She was given a move-on order by police while protesting outside Kirribilli House last September. Her hope is that Friday’s protest will create change……….

Protests also took place in other Australian capital cities.

January 11, 2020 Posted by | AUSTRALIA, climate change | Leave a comment

Bradwell nuclear power plan – foolish, in view of climate change predictions

BANNG 8th Jan 2020, As we enter a new year, Andy Blowers muses on the massive challenge of climate change that lies ahead, globally and locally, in the column for Regional Life, January 2020.

In East Anglia, we are increasingly aware of record heatwaves, milder and wetter winters, retreating coastlines and loss of precious habitats and declining and disappearing species. To an extent, these may be tackled by adaptive measures such as managed retreat of the coastline or hard defences. Even then, land loss and inundation will be unavoidable.

The idea of a massive nuclear power station at Bradwell on a
site threatened by the impacts of climate change seems foolish in the
extreme. Far better to go for cheaper, less risky and easily deployable
renewable options. Concerted action worldwide and locally, by governments,
businesses and individuals, is needed now if we are to reduce carbon
emissions to net zero and avert catastrophe. That was a clear message from
the General Election. Now we must get on with it.

January 11, 2020 Posted by | climate change, UK | Leave a comment

The twin horrors of nuclear weapons and climate change

We might also fathom the ties between natural disasters related to climate disturbance and nuclear accident risk. Major forest fires have burned dangerously close to nuclear weapons production and storage facilities, including Los Alamos National Laboratory in 2011, where up to 30,000 55-gallon drums of plutonium-contaminated waste are stored above ground. In 2018, California’s Woolsey fire began near the shuttered Rocketdyne facility, the site of a partial nuclear meltdown some decades ago and the subject of stalled cleanup efforts thereafter. Forest fires have recently raged in the “nuclear exclusion” zone of the former Chernobyl nuclear power plant, raising dangers of re-suspension and dispersal of contaminants from a site that has exposed millions of people to radioactivity for decades, along with their water, land and biosphere.
Twin inconvenient truths: nuclear arms and climate change, Jan 10, 2020, by Charles Geisler 
At a time when major nuclear arms’ treaties are being orphaned and climate disruption is ballooning, many are asking if there are connections between these twin threats to Creation. The answer is an obvious and uncomfortable yes.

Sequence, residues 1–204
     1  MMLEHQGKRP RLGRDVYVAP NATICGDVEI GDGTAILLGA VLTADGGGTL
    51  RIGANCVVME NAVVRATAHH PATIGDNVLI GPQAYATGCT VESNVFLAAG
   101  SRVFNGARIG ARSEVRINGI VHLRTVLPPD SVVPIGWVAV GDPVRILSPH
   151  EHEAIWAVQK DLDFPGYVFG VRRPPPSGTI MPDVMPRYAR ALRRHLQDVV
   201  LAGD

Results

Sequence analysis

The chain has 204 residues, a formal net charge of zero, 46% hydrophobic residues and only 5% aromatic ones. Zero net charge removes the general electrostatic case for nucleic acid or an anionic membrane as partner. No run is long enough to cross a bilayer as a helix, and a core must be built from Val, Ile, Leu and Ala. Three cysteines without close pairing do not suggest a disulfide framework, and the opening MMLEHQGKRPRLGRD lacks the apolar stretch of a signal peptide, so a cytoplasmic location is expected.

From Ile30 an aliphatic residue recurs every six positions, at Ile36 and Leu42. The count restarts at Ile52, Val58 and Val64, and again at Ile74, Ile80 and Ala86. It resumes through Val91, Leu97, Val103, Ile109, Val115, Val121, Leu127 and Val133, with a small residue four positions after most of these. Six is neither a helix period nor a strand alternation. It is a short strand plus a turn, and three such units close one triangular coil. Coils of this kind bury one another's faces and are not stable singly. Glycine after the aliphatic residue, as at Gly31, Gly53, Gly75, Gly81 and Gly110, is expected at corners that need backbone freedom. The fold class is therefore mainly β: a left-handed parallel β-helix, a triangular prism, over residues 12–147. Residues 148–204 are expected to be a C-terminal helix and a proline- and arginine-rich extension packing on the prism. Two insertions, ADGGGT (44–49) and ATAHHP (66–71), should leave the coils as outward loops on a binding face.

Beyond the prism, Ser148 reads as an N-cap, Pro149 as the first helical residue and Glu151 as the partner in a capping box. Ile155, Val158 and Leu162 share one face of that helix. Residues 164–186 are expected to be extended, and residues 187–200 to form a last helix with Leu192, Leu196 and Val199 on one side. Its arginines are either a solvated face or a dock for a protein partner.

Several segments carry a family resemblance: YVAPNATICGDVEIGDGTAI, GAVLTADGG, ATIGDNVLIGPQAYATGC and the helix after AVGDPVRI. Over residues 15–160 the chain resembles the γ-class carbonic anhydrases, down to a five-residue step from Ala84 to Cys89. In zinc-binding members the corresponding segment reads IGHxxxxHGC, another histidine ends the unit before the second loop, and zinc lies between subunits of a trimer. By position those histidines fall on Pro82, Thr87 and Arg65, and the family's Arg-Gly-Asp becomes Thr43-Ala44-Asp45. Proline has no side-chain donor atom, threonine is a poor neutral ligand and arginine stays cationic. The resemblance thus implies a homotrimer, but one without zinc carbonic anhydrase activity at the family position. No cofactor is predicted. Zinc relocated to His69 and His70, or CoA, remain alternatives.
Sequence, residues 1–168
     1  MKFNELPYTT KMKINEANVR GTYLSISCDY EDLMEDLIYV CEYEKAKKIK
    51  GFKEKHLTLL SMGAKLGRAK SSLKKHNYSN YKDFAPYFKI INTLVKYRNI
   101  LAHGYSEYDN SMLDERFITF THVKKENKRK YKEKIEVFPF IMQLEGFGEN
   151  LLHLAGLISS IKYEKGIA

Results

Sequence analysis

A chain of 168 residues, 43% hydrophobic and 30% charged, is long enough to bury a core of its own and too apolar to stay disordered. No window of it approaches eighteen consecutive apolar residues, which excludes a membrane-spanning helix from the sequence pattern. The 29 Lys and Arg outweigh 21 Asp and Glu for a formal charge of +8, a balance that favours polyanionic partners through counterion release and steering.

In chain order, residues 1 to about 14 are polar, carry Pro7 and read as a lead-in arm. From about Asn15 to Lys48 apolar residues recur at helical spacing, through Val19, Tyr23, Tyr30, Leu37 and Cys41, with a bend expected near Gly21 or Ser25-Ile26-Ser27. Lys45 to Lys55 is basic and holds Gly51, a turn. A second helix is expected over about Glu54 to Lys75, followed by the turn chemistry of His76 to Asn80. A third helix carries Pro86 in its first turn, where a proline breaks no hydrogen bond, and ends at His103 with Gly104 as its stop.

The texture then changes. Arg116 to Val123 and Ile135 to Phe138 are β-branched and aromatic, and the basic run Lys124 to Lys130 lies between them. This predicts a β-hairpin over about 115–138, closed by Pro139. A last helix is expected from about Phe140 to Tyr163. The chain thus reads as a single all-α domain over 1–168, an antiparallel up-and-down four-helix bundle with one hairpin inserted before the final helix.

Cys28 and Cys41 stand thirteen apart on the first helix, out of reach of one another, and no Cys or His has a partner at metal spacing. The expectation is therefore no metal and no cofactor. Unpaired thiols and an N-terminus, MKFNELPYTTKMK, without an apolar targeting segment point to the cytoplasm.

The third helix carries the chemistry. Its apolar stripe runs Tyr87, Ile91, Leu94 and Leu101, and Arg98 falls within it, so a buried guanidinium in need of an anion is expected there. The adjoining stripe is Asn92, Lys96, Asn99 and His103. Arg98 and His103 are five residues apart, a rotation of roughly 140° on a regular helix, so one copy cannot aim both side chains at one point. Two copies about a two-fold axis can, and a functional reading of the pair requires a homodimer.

Continue reading

January 11, 2020 Posted by | 2 WORLD, climate change, weapons and war | Leave a comment

As conventional nuclear reactors fail economically, the pro nuclear turn to the fantasy of small nuclear reactors

Small modular nuclear reactors – a case of wishful thinking at best,  NB Media Coop, by Gordon Edwards, Michel Duguay, Pierre Jasmin,  21 Dec 19

On Friday the 13th, September 2019, the Saint John Telegraph-Journal’s front page was dominated by what many readers hoped will be a good luck story for New Brunswick – making the province a booming and prosperous Nuclear Energy powerhouse for the entire world. After many months of behind-the-scenes meetings throughout New Brunswick with utility company executives, provincial politicians, federal government representatives, township mayors and First Nations, two nuclear entrepreneurial companies laid out a dazzling dream promising thousands of jobs – nay, tens of thousands! – in New Brunswick, achieved by mass-producing and selling components for hitherto untested nuclear reactors called SMNRs (Small Modular Nuclear Reactors) which, it is hoped, will be installed around the world by the hundreds or thousands!

On December 1, the Saskatchewan and Ontario premiers hitched their hopes to the same nuclear dream machine through a dramatic tripartite Sunday press conference in Ottawa featuring the premiers of the provinces. The three amigos announced their desire to promote and deploy some version of Small Modular Nuclear Reactors in their respective provinces. All three claimed it as a strategy to fight climate change, and they want the federal government to pledge federal tax money to pay for the R&D. Perhaps it is a way of paying lip service to the climate crisis without actually achieving anything substantial; prior to the recent election, all three men were opposed to even putting a price on carbon emissions.